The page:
But the Madison craft beer scene has become more than the sum of its parts. Taken collectively, these breweries are elevating what beer can be. Hardly a week goes by without a beer pairing dinner at a Madison restaurant—an event previously reserved for wine—showing craft beer’s rising profile in chefs’ quality- and flavor-focused eyes. Local festivals like Great Taste of the Midwest and Madison Craft Beer Week are quickly drawing attention from beer enthusiasts in the region and across the country. And the culture of collaboration among area breweries has become one of its finest, and most distinguishing, features. Sure, sharing a pint is still a fun and casual social occasion. But beer’s stature has grown beyond that here, increasingly becoming one of the most prominent facets of the local, artisanal food movement.
It’s enough to surprise even the guys brewing the beer.
“Madison has never led in anything,” says Carl Nolen, the affable president of Wisconsin Brewing Company in Verona, noting that the Fox Valley has historically been the state’s beer-industry trendsetter. “Now, with craft beer, it’s completely the other way around. Madison is leading the explosion.”
As beer drinkers, it’s hard to argue with the notion that we’re living in a golden era of craft beer here in Madison. Heck, there are even people who are moving here in part to enjoy the robust beer scene. Some of it’s understandable. There are, of course, the usual familiar touchstones about Madison—as a university and government town, we’re a highly educated lot with sophisticated palates. Plus, there’s that whole longstanding love affair Wisconsin has with beer and other agricultural products.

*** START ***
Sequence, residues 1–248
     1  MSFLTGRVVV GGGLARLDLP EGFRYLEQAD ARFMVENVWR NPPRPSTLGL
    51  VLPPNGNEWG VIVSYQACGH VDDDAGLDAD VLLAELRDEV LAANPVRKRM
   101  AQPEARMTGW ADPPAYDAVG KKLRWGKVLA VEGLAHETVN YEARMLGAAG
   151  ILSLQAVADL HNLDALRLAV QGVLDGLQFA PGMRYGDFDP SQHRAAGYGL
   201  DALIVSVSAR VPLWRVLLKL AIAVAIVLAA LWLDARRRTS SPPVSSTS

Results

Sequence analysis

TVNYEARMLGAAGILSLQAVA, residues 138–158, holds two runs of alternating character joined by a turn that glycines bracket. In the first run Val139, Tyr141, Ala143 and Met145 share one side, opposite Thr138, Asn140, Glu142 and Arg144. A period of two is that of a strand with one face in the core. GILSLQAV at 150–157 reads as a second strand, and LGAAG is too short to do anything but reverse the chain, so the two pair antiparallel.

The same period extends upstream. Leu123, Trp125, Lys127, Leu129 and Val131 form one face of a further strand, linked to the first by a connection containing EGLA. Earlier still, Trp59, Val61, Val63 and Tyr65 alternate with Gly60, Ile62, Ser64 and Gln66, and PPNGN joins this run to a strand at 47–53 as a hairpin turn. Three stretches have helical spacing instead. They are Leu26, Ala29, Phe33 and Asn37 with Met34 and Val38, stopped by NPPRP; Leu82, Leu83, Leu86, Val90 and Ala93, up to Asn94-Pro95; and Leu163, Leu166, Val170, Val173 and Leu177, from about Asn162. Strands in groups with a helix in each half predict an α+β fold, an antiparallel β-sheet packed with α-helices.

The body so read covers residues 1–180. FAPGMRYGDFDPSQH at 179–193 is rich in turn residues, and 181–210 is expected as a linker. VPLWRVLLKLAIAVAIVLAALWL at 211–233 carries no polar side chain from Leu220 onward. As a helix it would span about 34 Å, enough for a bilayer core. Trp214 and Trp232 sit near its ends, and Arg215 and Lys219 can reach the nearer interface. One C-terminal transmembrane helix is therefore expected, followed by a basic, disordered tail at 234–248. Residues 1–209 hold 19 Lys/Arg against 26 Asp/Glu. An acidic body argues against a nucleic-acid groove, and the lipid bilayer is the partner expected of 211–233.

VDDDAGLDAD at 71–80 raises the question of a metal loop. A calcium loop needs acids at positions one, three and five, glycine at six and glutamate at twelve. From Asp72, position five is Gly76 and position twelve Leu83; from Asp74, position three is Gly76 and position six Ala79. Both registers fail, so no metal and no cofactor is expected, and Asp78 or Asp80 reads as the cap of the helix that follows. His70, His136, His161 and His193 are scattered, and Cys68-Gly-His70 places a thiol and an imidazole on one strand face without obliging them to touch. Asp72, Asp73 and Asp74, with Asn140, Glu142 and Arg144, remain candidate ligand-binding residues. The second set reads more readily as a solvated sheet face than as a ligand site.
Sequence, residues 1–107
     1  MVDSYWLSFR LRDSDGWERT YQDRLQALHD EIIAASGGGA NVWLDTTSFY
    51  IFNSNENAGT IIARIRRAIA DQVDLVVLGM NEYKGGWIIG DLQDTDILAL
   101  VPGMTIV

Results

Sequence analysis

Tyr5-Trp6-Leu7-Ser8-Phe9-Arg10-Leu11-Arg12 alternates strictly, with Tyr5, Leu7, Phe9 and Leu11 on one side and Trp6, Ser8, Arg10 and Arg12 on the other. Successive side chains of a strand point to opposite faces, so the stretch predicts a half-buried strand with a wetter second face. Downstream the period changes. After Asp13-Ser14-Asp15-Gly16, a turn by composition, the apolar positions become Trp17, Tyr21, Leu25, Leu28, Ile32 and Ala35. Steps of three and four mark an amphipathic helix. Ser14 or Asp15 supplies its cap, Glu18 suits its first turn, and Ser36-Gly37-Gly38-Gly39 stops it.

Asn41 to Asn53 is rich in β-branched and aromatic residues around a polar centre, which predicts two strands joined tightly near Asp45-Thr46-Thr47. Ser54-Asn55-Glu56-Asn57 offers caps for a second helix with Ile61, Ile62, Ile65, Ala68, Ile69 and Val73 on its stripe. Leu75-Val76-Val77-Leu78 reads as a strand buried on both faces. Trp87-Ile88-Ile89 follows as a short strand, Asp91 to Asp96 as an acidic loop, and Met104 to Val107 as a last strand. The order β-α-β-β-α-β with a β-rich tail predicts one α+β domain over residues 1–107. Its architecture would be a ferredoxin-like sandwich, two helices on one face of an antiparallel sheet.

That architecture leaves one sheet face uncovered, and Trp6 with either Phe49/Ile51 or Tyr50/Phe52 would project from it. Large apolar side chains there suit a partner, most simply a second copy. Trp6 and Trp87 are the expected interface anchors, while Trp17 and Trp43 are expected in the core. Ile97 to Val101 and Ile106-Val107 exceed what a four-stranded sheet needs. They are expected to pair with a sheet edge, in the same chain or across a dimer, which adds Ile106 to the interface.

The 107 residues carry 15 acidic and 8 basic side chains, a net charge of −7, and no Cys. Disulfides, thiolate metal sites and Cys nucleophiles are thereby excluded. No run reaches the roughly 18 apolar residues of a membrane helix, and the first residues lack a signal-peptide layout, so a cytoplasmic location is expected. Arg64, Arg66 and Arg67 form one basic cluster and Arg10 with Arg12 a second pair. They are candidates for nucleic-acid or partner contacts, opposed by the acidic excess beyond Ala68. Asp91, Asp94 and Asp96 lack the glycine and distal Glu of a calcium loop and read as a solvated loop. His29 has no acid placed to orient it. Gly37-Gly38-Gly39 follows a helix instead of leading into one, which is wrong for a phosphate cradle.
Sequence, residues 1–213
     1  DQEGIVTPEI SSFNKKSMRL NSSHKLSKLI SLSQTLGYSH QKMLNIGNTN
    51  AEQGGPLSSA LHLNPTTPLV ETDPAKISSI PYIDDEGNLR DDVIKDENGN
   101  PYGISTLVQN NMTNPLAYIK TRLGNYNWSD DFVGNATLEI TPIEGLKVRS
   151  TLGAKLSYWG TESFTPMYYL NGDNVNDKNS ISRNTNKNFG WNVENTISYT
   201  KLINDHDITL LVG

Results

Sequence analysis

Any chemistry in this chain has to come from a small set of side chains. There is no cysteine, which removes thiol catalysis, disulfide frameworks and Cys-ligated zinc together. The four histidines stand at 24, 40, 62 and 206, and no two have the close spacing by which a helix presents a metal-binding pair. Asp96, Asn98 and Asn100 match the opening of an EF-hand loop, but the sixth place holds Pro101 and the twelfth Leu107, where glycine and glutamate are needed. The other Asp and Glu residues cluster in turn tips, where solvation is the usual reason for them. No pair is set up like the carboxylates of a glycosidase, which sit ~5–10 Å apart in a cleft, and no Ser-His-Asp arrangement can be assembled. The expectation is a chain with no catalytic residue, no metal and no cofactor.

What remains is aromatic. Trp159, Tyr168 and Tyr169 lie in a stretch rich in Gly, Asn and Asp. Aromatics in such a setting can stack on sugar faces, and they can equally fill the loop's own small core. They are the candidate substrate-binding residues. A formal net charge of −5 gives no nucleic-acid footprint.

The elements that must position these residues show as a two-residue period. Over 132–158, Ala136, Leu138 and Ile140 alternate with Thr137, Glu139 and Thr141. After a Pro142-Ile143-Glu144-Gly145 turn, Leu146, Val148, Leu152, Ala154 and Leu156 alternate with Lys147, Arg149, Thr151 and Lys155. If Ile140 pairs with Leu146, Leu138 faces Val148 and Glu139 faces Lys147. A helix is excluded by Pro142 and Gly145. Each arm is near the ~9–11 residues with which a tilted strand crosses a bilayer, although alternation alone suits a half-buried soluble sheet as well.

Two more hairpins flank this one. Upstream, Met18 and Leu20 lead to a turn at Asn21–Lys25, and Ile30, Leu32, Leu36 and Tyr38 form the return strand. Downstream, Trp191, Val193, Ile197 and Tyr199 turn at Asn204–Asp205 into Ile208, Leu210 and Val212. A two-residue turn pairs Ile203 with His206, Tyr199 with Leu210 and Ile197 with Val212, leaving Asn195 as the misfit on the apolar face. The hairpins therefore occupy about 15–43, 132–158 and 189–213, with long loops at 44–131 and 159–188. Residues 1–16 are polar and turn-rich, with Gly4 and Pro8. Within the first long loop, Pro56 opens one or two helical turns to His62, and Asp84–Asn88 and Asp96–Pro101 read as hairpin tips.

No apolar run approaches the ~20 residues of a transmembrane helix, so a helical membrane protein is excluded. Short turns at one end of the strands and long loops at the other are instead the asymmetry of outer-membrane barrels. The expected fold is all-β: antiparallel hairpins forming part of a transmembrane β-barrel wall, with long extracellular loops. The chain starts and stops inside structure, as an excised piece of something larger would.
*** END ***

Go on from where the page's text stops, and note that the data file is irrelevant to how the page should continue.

But in Madison, it goes much deeper than that. In a different city with a different beer scene, the established haves, everything from Capital to Ale Asylum, might easily have staked their own market share and turned a blind eye to would-be brewmasters emerging from their basements and garages to start their own businesses. Instead, they’ve embraced the newcomers, helping to fuel the craft boom with a little ingredient called collaboration.
Consider the evidence. When state laws briefly barred the Great Dane from selling its own beers at its new Hilldale location in the mid-2000s, they didn’t slap Budweiser on the tap as a stopgap; they turned instead to Tom Porter’s Lake Louie Brewing and other local suds—creating “a brewer’s dream menu,” the Dane’s brewmaster Rob LoBreglio says. On his days off, Porter hangs out with Otto Dilba and the gang at Ale Asylum. Wisconsin Brewing Company brewmaster Kirby Nelson test-drives his brews with LoBreglio and Scott Manning of Vintage to avoid mistakes at his own shop. During more than half the interviews for this piece, the brewmaster in question was either working with someone from another brewery or making preparations to do so within the next few days. It’s common to see brewers who run out of key ingredients turning to competitors for help—and happily receiving it.